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Social Studies: Fox News is good for business; what went wrong in Flint

Stress over the water quality in Flint, Mich., appears to have risen even before the discovery of high levels of lead.Carlos Osorio/Associated Press

Investing in the party line

A study by finance professors finds that corporations with Republican-leaning management or headquartered in Republican-leaning areas increased investment and borrowing after Fox News was introduced in their area during the George W. Bush presidency — particularly when local viewership was high — even controlling for other company characteristics. The hypothesis is that Fox’s generally positive spin on the economy brightened the outlook of local Republican-leaning managers.

Knill, A. et al., “Media Partisanship and Fundamental Corporate Decisions,” Journal of Financial and Quantitative Analysis (forthcoming).

Subtle biases

In economics, “statistical discrimination” refers to the ostensibly rational decision to discriminate against a group based on the average attributes of its members. A study finds that describing statistical discrimination as potentially rational in a world of uncertainty can be a self-fulfilling prophecy. In an experiment, people with managerial experience who read about statistical discrimination subsequently granted more legitimacy to stereotypes and were more biased in a hiring scenario. Adding a critical commentary reduced this effect.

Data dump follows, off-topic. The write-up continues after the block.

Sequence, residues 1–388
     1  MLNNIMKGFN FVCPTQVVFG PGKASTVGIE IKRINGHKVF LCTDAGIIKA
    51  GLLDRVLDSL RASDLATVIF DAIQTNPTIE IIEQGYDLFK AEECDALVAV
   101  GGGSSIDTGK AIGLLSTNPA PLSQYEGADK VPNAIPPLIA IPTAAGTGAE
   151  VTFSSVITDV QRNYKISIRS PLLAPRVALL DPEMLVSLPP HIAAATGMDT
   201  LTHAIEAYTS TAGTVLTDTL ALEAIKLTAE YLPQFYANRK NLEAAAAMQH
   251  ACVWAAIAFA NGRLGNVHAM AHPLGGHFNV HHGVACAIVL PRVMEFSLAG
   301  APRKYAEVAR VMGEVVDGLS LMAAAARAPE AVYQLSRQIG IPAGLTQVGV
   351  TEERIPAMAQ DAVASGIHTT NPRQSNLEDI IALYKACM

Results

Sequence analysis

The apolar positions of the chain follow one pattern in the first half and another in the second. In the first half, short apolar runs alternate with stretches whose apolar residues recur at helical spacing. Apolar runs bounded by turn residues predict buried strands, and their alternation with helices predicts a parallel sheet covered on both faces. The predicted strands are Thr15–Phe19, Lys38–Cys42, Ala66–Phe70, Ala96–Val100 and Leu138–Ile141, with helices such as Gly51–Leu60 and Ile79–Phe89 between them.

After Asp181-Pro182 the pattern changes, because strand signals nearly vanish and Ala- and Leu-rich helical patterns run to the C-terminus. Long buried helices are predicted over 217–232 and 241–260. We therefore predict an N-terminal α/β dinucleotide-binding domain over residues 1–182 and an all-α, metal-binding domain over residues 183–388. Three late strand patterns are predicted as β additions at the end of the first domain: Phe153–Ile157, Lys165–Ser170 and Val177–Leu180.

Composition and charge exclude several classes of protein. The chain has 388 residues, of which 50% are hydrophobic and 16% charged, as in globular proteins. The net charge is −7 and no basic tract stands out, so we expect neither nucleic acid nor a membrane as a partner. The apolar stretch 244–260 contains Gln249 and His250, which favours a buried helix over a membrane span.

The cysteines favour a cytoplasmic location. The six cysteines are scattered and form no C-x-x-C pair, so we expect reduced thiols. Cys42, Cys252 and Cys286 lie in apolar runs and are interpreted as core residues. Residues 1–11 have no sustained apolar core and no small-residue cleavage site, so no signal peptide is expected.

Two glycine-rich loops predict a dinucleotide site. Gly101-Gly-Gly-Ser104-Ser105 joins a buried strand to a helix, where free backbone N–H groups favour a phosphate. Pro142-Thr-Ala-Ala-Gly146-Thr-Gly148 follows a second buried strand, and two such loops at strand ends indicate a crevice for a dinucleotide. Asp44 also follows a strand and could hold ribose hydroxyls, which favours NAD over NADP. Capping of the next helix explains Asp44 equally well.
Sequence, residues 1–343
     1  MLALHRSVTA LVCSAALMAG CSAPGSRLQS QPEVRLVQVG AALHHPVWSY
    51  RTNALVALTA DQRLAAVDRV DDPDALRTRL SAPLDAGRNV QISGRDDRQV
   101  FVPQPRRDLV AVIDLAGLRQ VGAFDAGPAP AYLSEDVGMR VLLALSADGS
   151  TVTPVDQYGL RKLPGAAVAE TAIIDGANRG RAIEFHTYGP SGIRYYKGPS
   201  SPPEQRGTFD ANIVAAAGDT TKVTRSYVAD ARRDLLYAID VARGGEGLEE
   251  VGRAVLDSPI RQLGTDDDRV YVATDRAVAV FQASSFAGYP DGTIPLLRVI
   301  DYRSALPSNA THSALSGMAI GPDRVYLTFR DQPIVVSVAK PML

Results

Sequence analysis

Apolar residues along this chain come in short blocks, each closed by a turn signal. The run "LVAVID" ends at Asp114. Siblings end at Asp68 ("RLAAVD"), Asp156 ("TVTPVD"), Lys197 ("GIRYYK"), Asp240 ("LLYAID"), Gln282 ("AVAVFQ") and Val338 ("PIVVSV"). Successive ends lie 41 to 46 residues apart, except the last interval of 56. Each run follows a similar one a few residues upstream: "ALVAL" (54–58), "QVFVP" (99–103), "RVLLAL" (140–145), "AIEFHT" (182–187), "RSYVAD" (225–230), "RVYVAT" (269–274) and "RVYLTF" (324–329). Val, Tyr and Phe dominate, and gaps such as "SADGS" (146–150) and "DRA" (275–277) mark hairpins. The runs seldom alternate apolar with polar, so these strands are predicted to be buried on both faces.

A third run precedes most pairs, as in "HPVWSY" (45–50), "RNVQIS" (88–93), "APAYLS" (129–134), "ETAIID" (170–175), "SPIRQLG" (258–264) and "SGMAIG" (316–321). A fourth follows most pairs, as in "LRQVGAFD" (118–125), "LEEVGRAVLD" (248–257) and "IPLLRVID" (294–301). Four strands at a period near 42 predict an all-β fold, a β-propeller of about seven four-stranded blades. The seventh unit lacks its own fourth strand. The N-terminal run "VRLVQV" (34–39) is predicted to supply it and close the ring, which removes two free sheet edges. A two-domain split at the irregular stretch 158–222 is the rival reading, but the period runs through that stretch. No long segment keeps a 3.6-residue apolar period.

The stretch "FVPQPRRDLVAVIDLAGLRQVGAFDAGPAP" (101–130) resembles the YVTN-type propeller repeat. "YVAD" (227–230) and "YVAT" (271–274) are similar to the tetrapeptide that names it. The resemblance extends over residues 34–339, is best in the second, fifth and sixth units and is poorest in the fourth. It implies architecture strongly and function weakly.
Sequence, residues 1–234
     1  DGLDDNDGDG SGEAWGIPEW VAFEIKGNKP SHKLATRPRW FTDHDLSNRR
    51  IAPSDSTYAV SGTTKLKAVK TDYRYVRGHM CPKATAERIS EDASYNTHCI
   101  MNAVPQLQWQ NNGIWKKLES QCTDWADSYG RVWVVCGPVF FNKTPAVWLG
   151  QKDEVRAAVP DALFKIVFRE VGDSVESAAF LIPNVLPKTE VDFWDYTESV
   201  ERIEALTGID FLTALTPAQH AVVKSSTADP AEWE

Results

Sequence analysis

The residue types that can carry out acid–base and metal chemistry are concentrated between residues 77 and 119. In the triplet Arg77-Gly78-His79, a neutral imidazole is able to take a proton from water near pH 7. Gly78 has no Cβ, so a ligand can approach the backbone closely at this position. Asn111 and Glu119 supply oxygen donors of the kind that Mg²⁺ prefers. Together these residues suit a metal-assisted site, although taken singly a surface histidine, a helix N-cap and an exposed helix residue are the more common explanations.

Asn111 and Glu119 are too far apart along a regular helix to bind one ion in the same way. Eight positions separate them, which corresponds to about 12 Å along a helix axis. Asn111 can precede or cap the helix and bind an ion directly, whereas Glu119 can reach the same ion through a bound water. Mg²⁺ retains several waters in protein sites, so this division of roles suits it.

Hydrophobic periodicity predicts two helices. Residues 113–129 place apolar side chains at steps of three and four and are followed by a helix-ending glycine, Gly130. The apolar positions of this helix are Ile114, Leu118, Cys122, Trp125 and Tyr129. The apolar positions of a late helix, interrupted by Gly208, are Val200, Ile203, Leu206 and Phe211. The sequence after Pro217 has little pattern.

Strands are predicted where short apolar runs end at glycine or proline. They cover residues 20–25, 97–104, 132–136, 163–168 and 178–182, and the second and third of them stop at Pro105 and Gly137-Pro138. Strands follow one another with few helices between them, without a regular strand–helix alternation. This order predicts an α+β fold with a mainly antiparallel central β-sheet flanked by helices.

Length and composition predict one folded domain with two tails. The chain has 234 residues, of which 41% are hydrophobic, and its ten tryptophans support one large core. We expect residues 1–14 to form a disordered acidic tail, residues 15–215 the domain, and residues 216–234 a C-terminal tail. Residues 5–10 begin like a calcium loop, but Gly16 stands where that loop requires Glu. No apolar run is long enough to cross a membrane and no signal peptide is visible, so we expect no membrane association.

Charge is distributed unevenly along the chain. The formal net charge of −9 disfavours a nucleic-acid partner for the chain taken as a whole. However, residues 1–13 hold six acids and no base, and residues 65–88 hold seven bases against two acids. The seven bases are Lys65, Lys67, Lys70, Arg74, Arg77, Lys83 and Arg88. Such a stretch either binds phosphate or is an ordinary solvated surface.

Tilcsik, A., “Statistical Discrimination and the Rationalization of Stereotypes,” American Sociological Review (forthcoming).


The power of stress

High levels of lead in the water in Flint, Mich., were discovered a year after the water supply had been changed from Detroit pipelines to the Flint River. But concerns about water quality — measured by smoking levels, which can be a sign of stress — began when the switchover actually happened. In fact, a study finds that pregnant women were 10 percentage points more likely to continue smoking after the pipeline change, compared with pregnant women in other municipalities in Michigan, and that this alone can explain most of the increase in the incidence of low birth weight in Flint. In other words, smoking induced by stress about the water quality “may exceed the footprint of the contamination itself,” given that “fewer than 5 percent of households tested in Flint had water lead levels exceeding federal thresholds.”


Danagoulian, S. & Jenkins, D., “Rolling Back the Gains: Maternal Stress Undermines Pregnancy Health After Flint’s Water Switch,” Health Economics (forthcoming).

Neighborhood effects

Assessments of real-world social interventions typically compare those who were “treated” with those who were not. But what if changes induced in treated people influence their peers? In that case, a simple comparison will miss the overall effect. This is illustrated in a new study of a randomized intervention for preschool kids on Chicago’s South Side. The program offered parenting education to some families, high-quality preschool to others, and no treatment to others. Benefits accrued to people in all three groups. And it turns out that most of the benefits accrued from peer influence and not from direct treatment.

List, J. et al., “The Social Side of Early Human Capital Formation: Using a Field Experiment to Estimate the Causal Impact of Neighborhoods,” National Bureau of Economic Research (December 2020).